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Fixing Audi A4 Common Vacuum Leaks
 
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Pelican Technical Article:

Fixing Audi A4 Common Vacuum Leaks

Steve Vernon

Time:

1-6 hours

Tab:

$15 to $200

Talent:

****

Tools:

Pliers, screwdriver, sharp knife

Applicable Models:

Audi A4 (2002-05)
Audi A4 Cabriolet (2003-06)

Parts Required:

New hoses and valves

Hot Tip:

Use caution working with old hoses

Performance Gain:

Car runs like normal again

Complementary Modification:

Clean MAF sensor

All modern cars use the vacuum created by the induction system and the motor to run various systems and components on the vehicle. The Audi A4 is not different in this regard and uses vacuum to assist in the EGR (exhaust gas recirculation) system as well as the intake system. The EGR is part of the efforts used to recirculate unburnt gases from the motor back into the combustion chamber to be burnt and result in a cleaner running engine. Vacuum is also used to control the amount of air entering the combustion chamber. This volume of air is carefully metered and the information is used to determine the amount of fuel added to the air and the timing of the spark to determine the maximum function from the engine; this will result in the best possible miles per gasoline while producing the least amount of harmful emissions.

Any sort of leak or unmetered air caused by a leaking, cracked or split hose, hose clamp or broken fitting can result in a poor running engine, failure to pass a SMOG test or a motor that will not run at all. Don't forget to check places where vacuum leaks may not be as obvious, such as the oil filler cap and the dipstick.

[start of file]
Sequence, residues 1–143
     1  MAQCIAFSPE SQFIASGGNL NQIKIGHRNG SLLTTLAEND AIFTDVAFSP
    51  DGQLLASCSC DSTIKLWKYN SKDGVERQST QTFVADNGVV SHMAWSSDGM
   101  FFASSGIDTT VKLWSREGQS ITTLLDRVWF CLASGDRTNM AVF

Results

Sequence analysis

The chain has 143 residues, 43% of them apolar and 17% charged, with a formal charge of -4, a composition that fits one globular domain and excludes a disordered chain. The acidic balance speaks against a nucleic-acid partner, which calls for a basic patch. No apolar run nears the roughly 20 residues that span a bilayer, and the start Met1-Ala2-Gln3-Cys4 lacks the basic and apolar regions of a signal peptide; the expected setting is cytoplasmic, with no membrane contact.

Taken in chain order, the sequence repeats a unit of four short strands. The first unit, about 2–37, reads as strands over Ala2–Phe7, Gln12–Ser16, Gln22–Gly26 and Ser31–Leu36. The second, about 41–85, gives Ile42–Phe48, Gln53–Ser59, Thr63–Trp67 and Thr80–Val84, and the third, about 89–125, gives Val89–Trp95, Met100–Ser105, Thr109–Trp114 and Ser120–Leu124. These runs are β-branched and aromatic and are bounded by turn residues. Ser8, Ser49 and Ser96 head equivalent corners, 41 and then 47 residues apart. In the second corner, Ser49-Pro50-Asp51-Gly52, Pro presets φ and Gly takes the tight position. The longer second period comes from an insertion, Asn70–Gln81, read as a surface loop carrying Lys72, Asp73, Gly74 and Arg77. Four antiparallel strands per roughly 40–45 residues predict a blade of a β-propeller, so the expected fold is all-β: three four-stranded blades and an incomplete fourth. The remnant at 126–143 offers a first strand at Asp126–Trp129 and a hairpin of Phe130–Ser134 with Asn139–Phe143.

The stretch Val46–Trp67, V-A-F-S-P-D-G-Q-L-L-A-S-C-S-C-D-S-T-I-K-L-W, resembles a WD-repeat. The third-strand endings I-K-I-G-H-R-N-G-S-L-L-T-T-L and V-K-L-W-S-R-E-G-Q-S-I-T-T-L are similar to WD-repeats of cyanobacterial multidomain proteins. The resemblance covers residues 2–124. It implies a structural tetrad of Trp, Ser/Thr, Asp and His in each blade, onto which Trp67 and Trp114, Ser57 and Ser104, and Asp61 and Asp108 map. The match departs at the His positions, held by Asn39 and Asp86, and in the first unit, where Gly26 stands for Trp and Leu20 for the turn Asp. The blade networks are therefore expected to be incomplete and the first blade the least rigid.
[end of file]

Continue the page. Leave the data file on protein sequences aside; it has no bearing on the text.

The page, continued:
This article will go over the location and fittings of the EGR, EVAP, ventilation and vacuum hoses on the motor. Each hose, fitting and clamp should be inspected. Hoses should be soft and pliable. Any dryness, rips, cracks or bulges in a hose means it is well past time to replace it.

There are a series of hoses and valves making up the vacuum and emission systems on the vehicle.
Figure 1

There are a series of hoses and valves making up the vacuum and emission systems on the vehicle. The main areas to check are above the intake air cleaner (red arrow), to the right side of the rear of the engine cover (yellow arrow), and to the rear of the intake manifold (green arrow) and the intake manifold itself (blue arrow).

The area to the rear of the intake air box contains the EVAP valve (red arrow) and lines (yellow arrow).
Figure 2

The area to the rear of the intake air box contains the EVAP valve (red arrow) and lines (yellow arrow). If the EVAP valve is throwing an error code, it is best to just replace it. The lines should be checked for condition and replaced as needed. The hose clamps used from the factory need a special tool to reuse. Most people just pry the clamp off with a screwdriver and replace the clamp with a standard hose clamp.

In front of and below the intake air box is the secondary air pump (red arrow).
Figure 3

In front of and below the intake air box is the secondary air pump (red arrow). There are two plastic lines that will split when cracked.

The secondary air pumps intake line connects to the air box (red arrow).
Figure 4

The secondary air pumps intake line connects to the air box (red arrow). The output line connects to the combi-valve (yellow arrow).

At the rear of the engine you will find the combi-valve (red arrow) and a series of hoses and valves for the EGR system (yellow arrow).
Figure 5

At the rear of the engine you will find the combi-valve (red arrow) and a series of hoses and valves for the EGR system (yellow arrow). The lines should be checked for condition and replaced as needed. The hose clamps used from the factory need a special tool to reuse. Most people just pry the clamp off with a screwdriver and replace the clamp with a standard hose clamp.

The intake manifold has a series of vacuum and EGR hoses attached to it.